Motorized Mayhem
    The year 1896 proved to be the linchpin of Michigan's modern history. Michigan led the country in lumber production for decades following the Civil War but by the turn of the century Michigan forests had been depleted. As the lumberjacks packed up their axes and prepared to move westward again, in a last fleeting act they passed the baton of destiny to the auto barons and there to receive it on their behest was a resolute young Irishman named Henry Ford. 

    Henry's famous first ride down Detroit's Bagley Avenue in June of 1896, albeit a noisy one, seemed to go relatively unnoticed by his neighbors who were perusing the street. They were quite used to the crazy Irishman tinkering with his noisy contraptions. This one actually moved without a horse. Unbeknown to them they were witnessing a unique evolution, not only for the country but for society. Henry Ford would put the world on wheels and in that one raucous puff of smoke, life as they knew it had changed forever. 

    Detroit was a city custom made to support the peculiarities of automobile production. The city was already heavily laced with shops and mills for building horse carriages, gasoline engines were being produced for yachts and the iron stove industry had for years registered a heavy presence. To now ask a talented pool of machinists, fabricators and engineers to produce a transmission or a tiller required only the design.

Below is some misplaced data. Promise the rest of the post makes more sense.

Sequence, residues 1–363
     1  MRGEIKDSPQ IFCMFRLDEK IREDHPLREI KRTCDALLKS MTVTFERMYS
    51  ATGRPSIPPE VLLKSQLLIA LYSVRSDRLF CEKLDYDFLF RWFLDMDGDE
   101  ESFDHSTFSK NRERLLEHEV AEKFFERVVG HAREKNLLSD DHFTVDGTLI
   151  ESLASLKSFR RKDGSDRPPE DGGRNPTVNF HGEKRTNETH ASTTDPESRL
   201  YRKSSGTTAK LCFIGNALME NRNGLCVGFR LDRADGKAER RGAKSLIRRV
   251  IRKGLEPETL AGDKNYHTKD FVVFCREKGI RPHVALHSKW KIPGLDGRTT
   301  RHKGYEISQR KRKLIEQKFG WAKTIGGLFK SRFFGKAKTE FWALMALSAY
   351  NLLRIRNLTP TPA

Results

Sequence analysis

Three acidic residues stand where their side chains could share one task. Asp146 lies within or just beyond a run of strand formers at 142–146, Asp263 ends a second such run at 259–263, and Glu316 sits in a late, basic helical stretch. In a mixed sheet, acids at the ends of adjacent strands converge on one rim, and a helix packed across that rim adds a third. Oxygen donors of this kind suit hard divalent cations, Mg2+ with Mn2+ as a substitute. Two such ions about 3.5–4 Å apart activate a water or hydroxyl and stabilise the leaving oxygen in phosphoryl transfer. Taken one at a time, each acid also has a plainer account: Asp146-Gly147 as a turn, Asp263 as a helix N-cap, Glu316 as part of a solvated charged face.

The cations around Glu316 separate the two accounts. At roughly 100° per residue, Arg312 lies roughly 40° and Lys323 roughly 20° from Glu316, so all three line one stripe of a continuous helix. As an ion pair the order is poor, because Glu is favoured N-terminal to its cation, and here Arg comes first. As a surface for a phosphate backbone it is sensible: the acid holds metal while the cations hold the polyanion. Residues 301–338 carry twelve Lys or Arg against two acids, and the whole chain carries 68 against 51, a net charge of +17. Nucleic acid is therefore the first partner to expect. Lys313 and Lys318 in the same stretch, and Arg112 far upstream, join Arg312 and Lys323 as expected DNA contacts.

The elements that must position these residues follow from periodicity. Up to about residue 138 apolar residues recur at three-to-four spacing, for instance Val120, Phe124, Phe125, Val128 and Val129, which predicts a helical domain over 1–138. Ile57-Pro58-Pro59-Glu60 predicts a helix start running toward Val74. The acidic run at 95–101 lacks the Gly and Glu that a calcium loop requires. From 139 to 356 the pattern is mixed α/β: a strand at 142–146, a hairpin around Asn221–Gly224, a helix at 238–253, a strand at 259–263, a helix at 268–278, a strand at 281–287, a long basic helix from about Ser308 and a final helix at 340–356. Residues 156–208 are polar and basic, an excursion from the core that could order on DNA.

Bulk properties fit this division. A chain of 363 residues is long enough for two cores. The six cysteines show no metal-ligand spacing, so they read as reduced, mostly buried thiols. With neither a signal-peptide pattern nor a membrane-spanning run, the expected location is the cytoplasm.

Although the individuals are gone their names and legends linger on through time. These men were the foundation of the automotive industry, and thus Detroit, but it was Henry Ford they were all chasing. Ford's incredible ingenuity and business acumen enabled him to dominate the industry and for decades he and he alone was the emperor of the automotive world. Oddly enough, all these men had very poor formal educations but through shear willpower became world famous. These are the faces that helped build Detroit and gave it the time-honored moniker "The Motor City."
The Faces of Old Detroit
David Buick
Dodge Brothers
Rasnom Olds
Louis Chevrolet
Henry Ford
Why Detroit?
Perhaps the easiest way to answer this question is with a further question. What are cars made of?  The engine is steel, the frame is steel, the body is steel, the axles are steel. Subsequently an automotive manufacturing industry must have ready access to large quantities of steel. 
The three ingredients for steel: Coal, which is baked into Coke, Iron Ore and Limestone and there proximity to Detroit. 
The Great Lakes is the biggest fresh water highway in the world and it was the task of Great Lakes ore carriers like the historic Arthur M. Anderson (below) to bring these ingredients to Detroit to make the steel to make the cars.